Police investigate stolen paving stones from historic Rochdale hall
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Police, and the owners of a historic manor house in Rochdale, are appealing for information as part of an investigation into the theft of thousands of pounds’ worth of stolen York stones.
Officers were contacted on Tuesday 1 December 2020 reporting a theft at Hopwood Hall, Middleton.
Enquiries have established that a large amount of York stone was stolen from historic family gardens that date back centuries.
An investigation is underway and no arrests have yet been made.
The custodians of Hopwood Hall, and investigators, are today (Thursday 10 December 2020) appealing for information from anyone that could aid police enquiries.
Constable Stuart Ockwell, of GMP's Rochdale division, said: "This theft is significant, not just because of the financial value of the property that has been stolen, but also due to its historic meaning to the people of Middleton and beyond.
"These stones were almost certainly originally laid by great-grandparents of current Middleton residents and therefore is of particular significance.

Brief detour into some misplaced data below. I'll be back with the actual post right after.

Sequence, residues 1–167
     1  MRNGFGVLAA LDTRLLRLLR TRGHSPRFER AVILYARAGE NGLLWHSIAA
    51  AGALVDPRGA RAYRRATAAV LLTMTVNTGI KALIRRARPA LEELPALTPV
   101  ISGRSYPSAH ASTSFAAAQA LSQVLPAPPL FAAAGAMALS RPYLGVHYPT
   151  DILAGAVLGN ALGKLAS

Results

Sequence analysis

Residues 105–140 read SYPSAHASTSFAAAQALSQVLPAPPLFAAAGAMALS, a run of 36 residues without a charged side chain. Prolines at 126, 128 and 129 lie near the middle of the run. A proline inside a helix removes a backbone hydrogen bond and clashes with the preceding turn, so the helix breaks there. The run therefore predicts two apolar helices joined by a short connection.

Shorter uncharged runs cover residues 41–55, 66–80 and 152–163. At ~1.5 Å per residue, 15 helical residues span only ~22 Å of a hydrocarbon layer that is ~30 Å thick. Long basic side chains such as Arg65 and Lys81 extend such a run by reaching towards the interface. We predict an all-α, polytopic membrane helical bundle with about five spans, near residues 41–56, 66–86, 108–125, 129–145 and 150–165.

"This is not an isolated incident as several historical locations within the Middleton area have also been targeted, and enquiries into those incidents are ongoing.
"We are keen to hear from anyone who may have information about this incident so that we are able to bring to justice those responsible for this utterly insensitive and inconsiderate crime."
The house is the ancestral home of actor Hopwood DePree, who said: "I am very upset about the theft of the flagstones; it is shocking and appalling that someone would have such disregard for the heritage of the community.
“We are working closely with the police, council and college to track down the thieves through security footage and tips.
"We ask that those responsible find it within them to do the right thing and return these significant items which mean so much to so many people in this area.
“Due to the current Covid situation, there has been less foot traffic allowing offenders to make their way in. It is unfortunate and sad that someone would take advantage of a bad situation for their own personal gain.
"The amount of money someone could sell the stones for is a fraction of the cost of what it would be to replace them, not to mention there is a sentimental and historical link to the original stones which makes this a tragedy."
Anyone with information should call police on 0161 856 8701. Details can be passed anonymously to the independent charity Crimestoppers on 0800 555 111.